$\mathrm{var}\left(Z\right)=\frac{1}{n}{\displaystyle {\sum}_{i=1}^{n}{\left({z}_{i}-E\left(Z\right)\right)}^{2}}=\frac{1}{n}{\displaystyle {\sum}_{i=1}^{n}{\left({z}_{i}\right)}^{2}}=\frac{1}{n}{z}^{\text{T}}z=\frac{1}{n}{v}^{\text{T}}{X}^{\text{T}}Xv$ (5)

Hence, the maximization problem becomes,

${\mathrm{max}}_{v}\left\{\frac{1}{n}{v}^{\text{T}}{X}^{\text{T}}Xv\right\}\text{\hspace{0.17em}}\text{\hspace{0.17em}}\text{s}\text{.t}\text{\hspace{0.17em}}\text{\hspace{0.05em}}{v}^{\text{T}}v=1$ (6)

We use the method of Lagrange Multipliers. Assume:

$L=\frac{1}{n}{v}^{\text{T}}{X}^{\text{T}}Xv-\lambda \left({v}^{\text{T}}v-1\right)$ (7)

To have maximum value of

$\frac{\partial L}{\partial v}=\frac{2}{n}{X}^{\text{T}}Xv-2\lambda v=0\Rightarrow \frac{1}{n}{X}^{\text{T}}Xv=\lambda v$ (8)

If we assume $S=\frac{1}{n}{X}^{\text{T}}X$ , then we can have $Sv=\lambda v$ .

Apparently, $v$ is the eigenvector while variance of $Z$ is maximized, and after the eigenvalue decomposition of matrix $\frac{1}{n}{X}^{\text{T}}X$ , we can have our result

matrix $Z$ . Then we use the 2-dimensional vectors $z$ to draw the scatter plot (Figure 2). The figure illustrates ability of the Skip-gram model to automatically organize concepts and learn the implicit relationships between different types of motif instances.

Result in the scatter plot (Figure 4) below shows the distance representing how often the motifs are bound in one specific TFBR, or CTCF in our case. If vectors for two motif instances have less distance from each other, they are more likely to combine and work at the same time. We choose some motifs and show their DNA sequences, and we draw the conclusion that motifs with closer distance also have similar structures.

Figure 4. Two-dimensional PCA projection of the 200-dimensional Skip-gram vectors of motif instances.

2.3. Model Structure

After we have 200-dimensional vectors, we apply Convolutional Neural Network (CNN) in one dimension for the sequential information and to fulfill the task of binary classification by extracting more features from the input. Firstly, we use an embedding layer to map each motif with its corresponding 200-dimensional vector, and input is all types of motif patterns (244 in total). For the second layer and before the last layer, we apply dropout to reduce calculating cost and avoid overfitting. Then, to extract main features and correlations between motif patterns and reduce parameters in calculation, we employ one-dimensional convolutional layer and max pooling layer respectively for three times. We also use flatten layer as a connection to transform the data into the form of input for the dense layer, which is also known as fully-connected layer. In order to output one-bit value for the binary classification, we choose sigmoid function as the activation function of last layer, and ReLU unit in other layers (see in Figure 5).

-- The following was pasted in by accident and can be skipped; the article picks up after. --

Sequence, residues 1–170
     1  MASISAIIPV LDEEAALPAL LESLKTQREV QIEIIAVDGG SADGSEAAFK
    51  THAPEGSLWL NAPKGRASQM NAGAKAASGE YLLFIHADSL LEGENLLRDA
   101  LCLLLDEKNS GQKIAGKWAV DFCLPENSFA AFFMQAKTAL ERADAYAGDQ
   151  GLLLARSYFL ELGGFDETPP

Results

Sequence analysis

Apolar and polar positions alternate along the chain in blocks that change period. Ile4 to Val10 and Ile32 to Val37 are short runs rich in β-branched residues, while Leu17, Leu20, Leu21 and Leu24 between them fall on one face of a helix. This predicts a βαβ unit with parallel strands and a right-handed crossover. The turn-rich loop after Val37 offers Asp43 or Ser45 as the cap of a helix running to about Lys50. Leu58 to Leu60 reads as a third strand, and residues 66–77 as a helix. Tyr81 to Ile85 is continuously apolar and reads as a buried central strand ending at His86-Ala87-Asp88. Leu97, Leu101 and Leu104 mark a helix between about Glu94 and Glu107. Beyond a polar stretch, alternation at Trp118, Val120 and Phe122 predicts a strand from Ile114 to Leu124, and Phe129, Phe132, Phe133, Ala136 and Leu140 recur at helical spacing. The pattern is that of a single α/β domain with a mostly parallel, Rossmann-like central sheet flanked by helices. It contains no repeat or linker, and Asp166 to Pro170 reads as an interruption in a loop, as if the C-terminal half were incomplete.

3. Results and Discussion

Our CNN model examines whether the bound region is of one particular TF or not, therefore it helps to predict bound regions based on motif patterns. We apply our model first on the bound region of transcription factor CTCF, then on all other TFBRs in our dataset.

3.1. Experiment Setup

In our project, our dataset are randomly split for training (90%) and test (10%). The batch size is set to 128.Ourmodel is implemented using Python 3.6 and Keras framework. We used Graphics Processing Unit (NVIDIA GeForce GTX 1050Ti) to accelerate the computation.

3.2. Binary Classification on CTCF

First, we start to do the binary classification on binding region of CTCF, which accounts for the largest portion of all TFs (Figure 6). As expected, our CNN

Figure 5. CNN architecture with the specific layer configuration above each layer.

Figure 6. Amount of each transcription factor.

model extracts feature of motif patterns easily. When the epoch reaches 40, our model accuracy on the training set stabilizes, higher than 88%. The accuracy on our test reaches optimal at around the 20th epoch (in 100 epochs), which is 87%, and the loss increases after this point (see from Figure 7 and Figure 8). Similar results on both the accuracy and loss (Figure 9 and Figure 10) are achieved by RNN model for comparison (Figure 11). However, compared with the CNN model, the RNN model is more time-consuming for the same number of epochs (100 epochs), about 10 times of CNN. The reason for this is that every time after mapping and pooling, size of the data to be processed by the network reduces.